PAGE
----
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I am always a day late and a buck short on the posts because I am relegated to be the Saturday morning cartoon of the Razzball variety.  No worries, I mean, who doesn’t love 80’s cartoons and can’t list 10 shows that would drastically alter children’s universes today?  One word… Snorks.  So with everyone else doing the second-half rankings, I felt it was my duty to give the closer rankings based solely on the second games remaining.  The elite will still be the elite, the mediocre are still mediocre, and the middling teams will still be middling. I don’t care what algorithm Jimmy Bill came up with to have expected win totals and blah blah.  Expected win totals are an indicator of save expectations. because the percent of saves converted in wins by teams has been pretty stagnant at 52%, give or take a few sheckles each way.  So looking at the games remaining, some teams have less games to play then others, and some have more so the expected totals for some teams will be different then what you would expect them to be.  So as a wise person once said to me in throws of fantasy passion, lets have at it.  Cheers!

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After swinging a deal for Aaron Hill on Wednesday, the Red Sox have beefed up their bullpen trading for Brad Ziegler. Ziegler was rocking a 2.82 ERA, 1.46 WHIP and 18 saves with Arizona but he will likely be relegated to set up duty in Bean town. This is not to say his value is completely shot…yet. With Craig Kimbrel crying about his sore knee, Boston may be in need of an interim closer. Koji Uehara is the obvious first choice but his 4.96 ERA and 8 homers allowed in 32.2 IP make it seem like the choice ain’t so obvious. Still Koji’s 46/9 K/BB ratio makes me happy, and he notched the save Friday night (after surrendering a home run), so he’s the best bet for saves if Kimbrel misses any time. As for your new closer in the land of the rising sun? Tyler Clippard is the most likely candidate if you need saves or a buzz cut. He’s got a 3.06 ERA with 39 strikeouts over 32.1 IP, and saved 19 games for the Mets and A’s last year, but his career 57% save conversion rate certainly doesn’t inspire a whole lot of confidence. Daniel Hudson is the ideal saves candidate in Zona but has struggled mightily over the past month (12.96 ERA, 2.40 WHIP in 8.1 innings). Regardless, if you need a save and a haircut, I’d grab Clippard and Hudson in that order. And if you’re a Boston Red Sox team that desperately needs starting pitching, I’d recommend trading for a infielder and a relief pitcher.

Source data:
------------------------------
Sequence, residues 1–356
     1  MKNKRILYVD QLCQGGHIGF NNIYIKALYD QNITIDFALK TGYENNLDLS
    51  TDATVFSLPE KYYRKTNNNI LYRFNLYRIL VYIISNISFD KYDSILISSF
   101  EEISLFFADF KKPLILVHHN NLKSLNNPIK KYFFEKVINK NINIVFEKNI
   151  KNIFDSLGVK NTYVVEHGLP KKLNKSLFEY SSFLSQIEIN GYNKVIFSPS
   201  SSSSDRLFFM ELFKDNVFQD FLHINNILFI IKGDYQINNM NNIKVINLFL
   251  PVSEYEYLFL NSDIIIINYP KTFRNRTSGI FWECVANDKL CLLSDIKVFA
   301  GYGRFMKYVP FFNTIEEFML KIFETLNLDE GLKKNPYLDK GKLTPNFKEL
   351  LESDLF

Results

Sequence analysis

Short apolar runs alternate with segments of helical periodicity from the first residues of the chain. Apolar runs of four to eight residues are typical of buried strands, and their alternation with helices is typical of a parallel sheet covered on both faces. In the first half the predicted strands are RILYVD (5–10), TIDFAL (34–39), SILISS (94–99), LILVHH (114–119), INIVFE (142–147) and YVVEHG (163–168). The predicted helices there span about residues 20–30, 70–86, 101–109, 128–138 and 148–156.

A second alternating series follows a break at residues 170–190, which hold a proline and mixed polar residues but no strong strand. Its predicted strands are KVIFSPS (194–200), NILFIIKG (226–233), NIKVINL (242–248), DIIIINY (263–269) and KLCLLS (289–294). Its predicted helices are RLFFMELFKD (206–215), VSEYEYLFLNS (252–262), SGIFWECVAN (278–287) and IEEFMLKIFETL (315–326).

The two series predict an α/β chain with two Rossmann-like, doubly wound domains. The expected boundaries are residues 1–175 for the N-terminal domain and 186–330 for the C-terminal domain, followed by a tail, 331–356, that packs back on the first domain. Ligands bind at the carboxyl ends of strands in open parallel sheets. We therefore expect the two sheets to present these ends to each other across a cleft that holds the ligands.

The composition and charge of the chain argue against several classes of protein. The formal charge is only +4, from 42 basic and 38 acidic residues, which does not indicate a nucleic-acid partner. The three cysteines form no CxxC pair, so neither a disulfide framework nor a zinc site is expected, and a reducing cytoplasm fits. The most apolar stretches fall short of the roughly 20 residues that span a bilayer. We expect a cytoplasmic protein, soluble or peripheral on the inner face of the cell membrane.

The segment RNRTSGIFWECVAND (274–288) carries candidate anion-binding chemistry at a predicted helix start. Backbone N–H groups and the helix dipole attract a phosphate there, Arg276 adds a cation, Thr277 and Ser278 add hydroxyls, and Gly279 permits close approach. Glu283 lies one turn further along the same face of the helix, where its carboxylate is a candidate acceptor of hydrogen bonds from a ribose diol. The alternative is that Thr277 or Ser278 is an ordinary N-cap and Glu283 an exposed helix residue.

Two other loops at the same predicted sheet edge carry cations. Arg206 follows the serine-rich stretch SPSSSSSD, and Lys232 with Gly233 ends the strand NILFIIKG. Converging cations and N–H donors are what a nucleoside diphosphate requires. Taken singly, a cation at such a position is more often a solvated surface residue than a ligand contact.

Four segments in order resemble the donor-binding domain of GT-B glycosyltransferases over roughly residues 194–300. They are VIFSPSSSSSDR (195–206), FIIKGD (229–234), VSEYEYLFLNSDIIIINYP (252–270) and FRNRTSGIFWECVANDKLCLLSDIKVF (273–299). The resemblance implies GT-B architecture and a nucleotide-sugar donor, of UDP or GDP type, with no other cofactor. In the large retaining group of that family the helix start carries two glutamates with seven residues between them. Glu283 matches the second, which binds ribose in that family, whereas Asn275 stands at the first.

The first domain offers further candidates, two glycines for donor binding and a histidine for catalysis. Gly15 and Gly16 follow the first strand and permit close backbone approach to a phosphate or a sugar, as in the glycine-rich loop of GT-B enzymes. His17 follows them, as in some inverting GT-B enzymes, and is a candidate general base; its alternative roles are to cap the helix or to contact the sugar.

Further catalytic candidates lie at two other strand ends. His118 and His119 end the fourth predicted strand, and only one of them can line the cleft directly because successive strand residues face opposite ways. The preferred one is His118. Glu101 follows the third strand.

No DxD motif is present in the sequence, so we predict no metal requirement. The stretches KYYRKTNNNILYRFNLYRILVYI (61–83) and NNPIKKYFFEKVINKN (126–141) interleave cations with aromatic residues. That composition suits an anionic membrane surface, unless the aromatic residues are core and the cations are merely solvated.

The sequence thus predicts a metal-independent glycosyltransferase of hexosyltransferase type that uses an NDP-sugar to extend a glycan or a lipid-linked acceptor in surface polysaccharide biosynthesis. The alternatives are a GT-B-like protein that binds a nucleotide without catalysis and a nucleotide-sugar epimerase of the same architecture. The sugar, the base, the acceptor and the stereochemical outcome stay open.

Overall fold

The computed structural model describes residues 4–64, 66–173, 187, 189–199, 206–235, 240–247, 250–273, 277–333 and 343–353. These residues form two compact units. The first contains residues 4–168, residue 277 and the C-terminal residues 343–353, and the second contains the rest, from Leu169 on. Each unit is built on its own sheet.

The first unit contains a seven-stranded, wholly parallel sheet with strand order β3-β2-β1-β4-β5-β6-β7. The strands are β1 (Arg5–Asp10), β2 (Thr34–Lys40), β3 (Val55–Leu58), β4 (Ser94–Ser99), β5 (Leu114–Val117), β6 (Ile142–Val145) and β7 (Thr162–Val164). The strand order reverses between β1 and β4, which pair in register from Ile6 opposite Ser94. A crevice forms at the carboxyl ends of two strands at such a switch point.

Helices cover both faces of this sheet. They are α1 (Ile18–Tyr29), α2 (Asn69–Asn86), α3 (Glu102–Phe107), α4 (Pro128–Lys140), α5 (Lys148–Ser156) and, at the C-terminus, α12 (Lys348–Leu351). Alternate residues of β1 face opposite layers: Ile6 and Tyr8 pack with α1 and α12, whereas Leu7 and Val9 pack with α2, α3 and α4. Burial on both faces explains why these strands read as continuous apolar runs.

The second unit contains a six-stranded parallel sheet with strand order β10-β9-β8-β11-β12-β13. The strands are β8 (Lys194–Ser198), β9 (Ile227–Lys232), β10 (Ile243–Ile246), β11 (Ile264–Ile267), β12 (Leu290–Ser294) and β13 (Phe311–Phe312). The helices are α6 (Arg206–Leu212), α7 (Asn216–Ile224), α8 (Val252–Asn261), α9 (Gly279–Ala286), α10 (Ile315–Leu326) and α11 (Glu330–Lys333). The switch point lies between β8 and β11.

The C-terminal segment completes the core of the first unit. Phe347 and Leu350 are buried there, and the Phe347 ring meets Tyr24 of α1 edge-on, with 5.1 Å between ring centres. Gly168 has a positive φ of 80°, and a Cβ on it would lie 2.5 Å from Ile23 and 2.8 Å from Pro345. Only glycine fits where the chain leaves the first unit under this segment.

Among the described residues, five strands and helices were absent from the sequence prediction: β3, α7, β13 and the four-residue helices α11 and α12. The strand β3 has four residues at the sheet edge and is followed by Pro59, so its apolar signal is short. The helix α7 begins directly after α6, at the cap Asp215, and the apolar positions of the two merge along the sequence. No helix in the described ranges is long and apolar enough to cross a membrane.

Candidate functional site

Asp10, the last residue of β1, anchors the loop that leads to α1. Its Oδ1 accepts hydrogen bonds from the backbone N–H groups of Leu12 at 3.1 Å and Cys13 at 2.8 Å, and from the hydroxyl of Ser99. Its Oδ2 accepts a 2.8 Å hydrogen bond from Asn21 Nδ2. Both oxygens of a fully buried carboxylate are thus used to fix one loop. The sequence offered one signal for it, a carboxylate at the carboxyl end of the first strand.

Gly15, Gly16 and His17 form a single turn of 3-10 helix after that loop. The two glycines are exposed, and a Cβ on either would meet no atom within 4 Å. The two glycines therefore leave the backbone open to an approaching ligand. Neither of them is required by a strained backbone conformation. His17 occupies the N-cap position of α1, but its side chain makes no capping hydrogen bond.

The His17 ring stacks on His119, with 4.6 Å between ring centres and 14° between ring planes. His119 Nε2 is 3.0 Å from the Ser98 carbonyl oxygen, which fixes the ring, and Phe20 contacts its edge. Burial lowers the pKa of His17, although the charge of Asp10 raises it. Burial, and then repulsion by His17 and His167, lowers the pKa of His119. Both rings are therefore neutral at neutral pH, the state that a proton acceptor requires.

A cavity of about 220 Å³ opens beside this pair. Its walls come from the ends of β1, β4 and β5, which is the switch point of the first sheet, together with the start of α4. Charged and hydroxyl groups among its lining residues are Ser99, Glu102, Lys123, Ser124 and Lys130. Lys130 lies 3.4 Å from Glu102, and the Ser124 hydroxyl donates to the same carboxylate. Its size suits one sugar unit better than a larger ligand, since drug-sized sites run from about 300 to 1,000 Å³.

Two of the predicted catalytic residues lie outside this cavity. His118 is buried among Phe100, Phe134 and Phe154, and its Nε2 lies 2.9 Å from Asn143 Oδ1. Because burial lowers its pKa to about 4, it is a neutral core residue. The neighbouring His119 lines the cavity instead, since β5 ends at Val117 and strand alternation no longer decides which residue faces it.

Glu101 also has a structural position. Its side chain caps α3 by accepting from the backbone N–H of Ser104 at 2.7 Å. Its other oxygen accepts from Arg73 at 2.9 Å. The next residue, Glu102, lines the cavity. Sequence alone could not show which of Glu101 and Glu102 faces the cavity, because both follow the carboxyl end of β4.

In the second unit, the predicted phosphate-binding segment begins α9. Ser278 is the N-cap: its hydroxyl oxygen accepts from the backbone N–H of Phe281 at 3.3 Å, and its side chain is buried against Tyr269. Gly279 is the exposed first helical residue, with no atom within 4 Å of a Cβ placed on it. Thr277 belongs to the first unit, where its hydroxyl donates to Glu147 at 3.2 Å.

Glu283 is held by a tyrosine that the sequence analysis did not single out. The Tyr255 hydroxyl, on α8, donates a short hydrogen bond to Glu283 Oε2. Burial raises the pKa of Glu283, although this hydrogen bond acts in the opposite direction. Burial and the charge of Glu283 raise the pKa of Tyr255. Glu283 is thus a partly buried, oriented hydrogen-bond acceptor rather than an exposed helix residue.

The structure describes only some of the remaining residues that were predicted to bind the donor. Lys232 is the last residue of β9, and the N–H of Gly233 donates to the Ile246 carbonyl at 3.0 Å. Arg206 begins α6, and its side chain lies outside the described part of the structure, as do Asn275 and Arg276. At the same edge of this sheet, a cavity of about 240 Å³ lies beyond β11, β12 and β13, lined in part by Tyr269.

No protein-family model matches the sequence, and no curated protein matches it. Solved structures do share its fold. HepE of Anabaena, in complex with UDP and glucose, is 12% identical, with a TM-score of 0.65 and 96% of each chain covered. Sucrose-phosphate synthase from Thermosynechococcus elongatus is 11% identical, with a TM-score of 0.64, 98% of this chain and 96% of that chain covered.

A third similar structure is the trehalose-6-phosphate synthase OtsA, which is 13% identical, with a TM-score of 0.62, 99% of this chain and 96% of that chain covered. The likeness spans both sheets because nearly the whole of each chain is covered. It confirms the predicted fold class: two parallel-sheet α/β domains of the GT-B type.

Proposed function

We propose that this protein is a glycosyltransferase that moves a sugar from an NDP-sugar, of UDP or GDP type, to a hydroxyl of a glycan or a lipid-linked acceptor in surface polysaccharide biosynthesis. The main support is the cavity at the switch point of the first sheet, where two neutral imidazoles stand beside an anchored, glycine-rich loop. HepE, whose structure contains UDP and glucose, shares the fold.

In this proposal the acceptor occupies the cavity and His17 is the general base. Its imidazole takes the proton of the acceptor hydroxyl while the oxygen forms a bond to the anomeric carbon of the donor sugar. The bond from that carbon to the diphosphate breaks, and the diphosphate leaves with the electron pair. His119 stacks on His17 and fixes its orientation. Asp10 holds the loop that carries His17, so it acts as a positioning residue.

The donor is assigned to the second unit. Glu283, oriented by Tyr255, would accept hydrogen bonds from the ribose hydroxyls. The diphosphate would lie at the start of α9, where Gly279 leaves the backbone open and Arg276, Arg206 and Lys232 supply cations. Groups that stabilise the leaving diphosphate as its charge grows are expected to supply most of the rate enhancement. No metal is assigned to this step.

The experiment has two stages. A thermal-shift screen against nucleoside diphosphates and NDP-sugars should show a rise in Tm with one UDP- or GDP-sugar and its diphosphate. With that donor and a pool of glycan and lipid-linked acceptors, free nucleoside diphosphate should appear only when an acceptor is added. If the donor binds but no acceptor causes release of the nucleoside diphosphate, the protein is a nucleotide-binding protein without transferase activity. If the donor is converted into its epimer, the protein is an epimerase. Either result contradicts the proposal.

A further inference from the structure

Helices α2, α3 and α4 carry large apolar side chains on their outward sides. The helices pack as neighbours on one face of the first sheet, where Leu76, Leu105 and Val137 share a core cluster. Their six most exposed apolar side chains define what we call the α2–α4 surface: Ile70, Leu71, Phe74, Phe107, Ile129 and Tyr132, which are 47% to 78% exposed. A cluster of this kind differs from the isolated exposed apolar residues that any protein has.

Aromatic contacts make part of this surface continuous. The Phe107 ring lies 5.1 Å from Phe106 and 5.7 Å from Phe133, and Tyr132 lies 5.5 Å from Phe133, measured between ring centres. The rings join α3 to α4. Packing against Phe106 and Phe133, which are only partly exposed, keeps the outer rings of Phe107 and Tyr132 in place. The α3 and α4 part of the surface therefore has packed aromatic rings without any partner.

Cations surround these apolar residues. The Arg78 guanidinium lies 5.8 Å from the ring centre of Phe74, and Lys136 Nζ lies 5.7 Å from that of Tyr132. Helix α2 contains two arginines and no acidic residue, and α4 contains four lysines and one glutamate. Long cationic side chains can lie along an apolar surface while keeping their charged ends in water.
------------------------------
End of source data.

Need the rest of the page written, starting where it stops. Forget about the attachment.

Here’s what else I saw Friday night in fantasy baseball: